Page 2:Koolance PC5-1326SL Design and Features
Page 3:PC5-1326SL Installation and Operation
Page 4:Zalman Z-Machine LQ1000 Design and Features
Page 5:LQ1000 Installation and Operation
Page 6:Tom’s Hardware’s Liquid-Cooled Case
Page 7:Test Configuration
Page 8:Cooling Performance
Tom’s Hardware’s Liquid-Cooled Case
Our System Builder Marathons have always focused on getting the best configurations within three pre-set price limits while using components that can be assembled by nearly anyone with a screwdriver and minimal experience. In other words, we assume the role of “average builders” with different budgets. We were especially proud of the case and cooling combo of our March and June high-performance builds :
|CPU Cooling Kit||Swiftech H20-120||120|
|Additional Radiator||Swiftech MCR220||36|
|Neoprene Tubing||2x Swiftech 3/8||26|
|Hose Clamps||2x ex-tub-135||2|
|Radiator Fans||2x S-FLEX SFF21E||30|
|Component Fans||Antec Spotcool||15|
Cooling components were carefully chosen to resemble a custom-manufactured assembly, but without the need to cut, drill, or otherwise custom-manufacture anything. A lower price compared to pre-assembled kits reflects how we didn’t have to pay anyone to modify a case for us, but assembling the components required much more effort than any pre-assembled kit.
We started with the Silverstone TJ09B case, which has a centrally located 120 mm intake fan and supports two 120 mm lid-mounted exhaust fans perfectly suited for holding radiators out of the way from other components.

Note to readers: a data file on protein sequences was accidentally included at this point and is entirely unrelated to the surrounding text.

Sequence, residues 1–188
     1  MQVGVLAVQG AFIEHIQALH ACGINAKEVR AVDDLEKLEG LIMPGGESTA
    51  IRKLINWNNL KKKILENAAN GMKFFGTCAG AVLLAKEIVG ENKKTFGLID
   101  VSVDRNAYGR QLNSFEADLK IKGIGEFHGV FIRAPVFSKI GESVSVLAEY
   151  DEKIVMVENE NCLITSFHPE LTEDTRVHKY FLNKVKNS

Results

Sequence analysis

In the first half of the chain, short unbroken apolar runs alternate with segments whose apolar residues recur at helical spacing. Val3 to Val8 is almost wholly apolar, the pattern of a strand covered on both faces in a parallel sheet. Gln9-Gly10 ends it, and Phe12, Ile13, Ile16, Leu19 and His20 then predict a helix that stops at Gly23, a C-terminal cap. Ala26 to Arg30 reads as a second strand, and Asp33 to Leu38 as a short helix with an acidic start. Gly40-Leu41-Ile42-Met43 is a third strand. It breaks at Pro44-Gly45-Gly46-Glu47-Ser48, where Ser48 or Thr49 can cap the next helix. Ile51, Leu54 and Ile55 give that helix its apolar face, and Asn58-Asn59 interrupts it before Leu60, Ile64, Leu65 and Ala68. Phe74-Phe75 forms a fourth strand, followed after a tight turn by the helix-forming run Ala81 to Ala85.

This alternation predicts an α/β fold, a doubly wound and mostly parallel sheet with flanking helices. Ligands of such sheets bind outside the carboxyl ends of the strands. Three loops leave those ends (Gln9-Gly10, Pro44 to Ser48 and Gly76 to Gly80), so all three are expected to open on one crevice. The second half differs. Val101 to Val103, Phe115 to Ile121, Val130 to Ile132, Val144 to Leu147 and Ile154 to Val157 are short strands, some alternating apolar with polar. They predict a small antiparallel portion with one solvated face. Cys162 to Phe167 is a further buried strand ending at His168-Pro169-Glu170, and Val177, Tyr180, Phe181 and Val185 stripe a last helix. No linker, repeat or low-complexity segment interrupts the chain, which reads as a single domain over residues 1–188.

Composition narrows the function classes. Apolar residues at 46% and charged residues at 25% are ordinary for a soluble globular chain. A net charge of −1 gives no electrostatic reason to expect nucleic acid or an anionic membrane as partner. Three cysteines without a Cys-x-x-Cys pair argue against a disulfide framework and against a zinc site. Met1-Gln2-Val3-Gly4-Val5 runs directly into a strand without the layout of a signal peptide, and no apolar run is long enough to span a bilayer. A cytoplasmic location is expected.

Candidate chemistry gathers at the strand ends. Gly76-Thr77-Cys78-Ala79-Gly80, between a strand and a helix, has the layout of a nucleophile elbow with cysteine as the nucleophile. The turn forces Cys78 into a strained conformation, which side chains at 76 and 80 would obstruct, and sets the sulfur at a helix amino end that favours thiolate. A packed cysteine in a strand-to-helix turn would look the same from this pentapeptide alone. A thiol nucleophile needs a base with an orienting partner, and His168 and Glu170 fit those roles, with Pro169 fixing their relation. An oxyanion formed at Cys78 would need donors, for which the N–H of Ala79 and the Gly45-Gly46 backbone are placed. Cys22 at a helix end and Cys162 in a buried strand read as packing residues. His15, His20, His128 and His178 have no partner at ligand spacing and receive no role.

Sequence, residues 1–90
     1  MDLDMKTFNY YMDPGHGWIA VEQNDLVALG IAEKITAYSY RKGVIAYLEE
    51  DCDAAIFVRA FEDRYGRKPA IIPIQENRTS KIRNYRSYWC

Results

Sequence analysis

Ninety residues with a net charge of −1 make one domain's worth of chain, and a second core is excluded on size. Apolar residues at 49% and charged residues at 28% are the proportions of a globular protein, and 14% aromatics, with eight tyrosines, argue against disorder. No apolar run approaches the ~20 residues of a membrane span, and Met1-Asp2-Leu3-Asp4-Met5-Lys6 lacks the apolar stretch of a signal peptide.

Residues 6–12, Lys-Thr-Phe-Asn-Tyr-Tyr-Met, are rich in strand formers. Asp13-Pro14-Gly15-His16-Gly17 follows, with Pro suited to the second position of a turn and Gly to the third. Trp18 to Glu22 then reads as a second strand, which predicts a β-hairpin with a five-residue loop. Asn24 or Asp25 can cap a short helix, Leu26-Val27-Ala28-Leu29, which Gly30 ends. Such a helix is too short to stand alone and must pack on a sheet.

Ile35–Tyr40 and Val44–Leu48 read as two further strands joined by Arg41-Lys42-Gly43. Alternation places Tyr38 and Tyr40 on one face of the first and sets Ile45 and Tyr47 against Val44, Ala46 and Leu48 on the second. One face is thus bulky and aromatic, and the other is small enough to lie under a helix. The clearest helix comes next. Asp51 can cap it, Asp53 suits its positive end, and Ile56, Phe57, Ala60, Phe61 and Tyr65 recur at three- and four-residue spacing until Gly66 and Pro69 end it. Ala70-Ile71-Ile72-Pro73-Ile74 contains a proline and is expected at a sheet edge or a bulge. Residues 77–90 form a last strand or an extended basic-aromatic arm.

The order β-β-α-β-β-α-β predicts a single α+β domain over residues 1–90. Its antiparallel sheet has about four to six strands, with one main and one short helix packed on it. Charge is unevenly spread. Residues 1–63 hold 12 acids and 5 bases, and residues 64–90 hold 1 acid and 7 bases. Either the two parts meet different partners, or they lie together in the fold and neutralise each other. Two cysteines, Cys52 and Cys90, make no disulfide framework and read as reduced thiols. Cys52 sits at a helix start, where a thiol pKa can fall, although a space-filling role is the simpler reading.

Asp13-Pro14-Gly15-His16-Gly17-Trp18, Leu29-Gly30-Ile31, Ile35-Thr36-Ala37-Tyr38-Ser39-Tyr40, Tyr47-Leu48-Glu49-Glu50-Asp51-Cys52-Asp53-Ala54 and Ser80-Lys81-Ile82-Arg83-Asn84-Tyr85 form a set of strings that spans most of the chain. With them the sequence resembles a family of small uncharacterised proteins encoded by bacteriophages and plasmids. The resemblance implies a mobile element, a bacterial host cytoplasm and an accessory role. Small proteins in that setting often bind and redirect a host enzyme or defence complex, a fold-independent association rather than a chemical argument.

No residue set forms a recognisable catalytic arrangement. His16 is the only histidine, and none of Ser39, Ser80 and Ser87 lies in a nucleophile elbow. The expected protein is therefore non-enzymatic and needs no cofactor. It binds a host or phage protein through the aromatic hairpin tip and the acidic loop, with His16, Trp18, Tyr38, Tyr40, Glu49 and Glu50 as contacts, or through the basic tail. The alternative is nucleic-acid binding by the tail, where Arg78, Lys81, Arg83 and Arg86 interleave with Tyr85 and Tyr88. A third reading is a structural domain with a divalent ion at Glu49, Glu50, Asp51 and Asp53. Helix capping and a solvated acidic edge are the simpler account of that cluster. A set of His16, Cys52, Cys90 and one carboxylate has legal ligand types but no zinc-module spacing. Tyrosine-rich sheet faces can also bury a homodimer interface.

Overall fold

The liquid cooling kit also began simply as the single-radiator Swiftech H20-120. Swiftech provided a second radiator, the dual-fan MCR220, and a few accessories.
Silverstone supplied its SST-RADSUPPORT09 brackets, which allow mounting a 2x 120 mm radiator in the top of its TJ09 and TJ10 cases without drilling holes. We attached them to the radiator, added two Scythe S-Flex low-noise fans, and raised the assembly into place.
The TJ09 case has a unique intake fan location, which was perfect for adding the smaller radiator. Radiator installation required removal and dis-assembly of the intake fan baffle, which is detailed on pages eight and nine of this configuration’s March debut.
We installed the motherboard for a test fit, trimmed the hoses to length, and removed the motherboard again. Purging air from the system required dropping the upper radiator below the reservoir of the lower radiator.
Estimated noise for our custom-picked assembly, based on the number and type of fans, is 28 db. The Temjin TJ09 provided mediocre noise isolation for internal components such as air-cooled graphics card fans.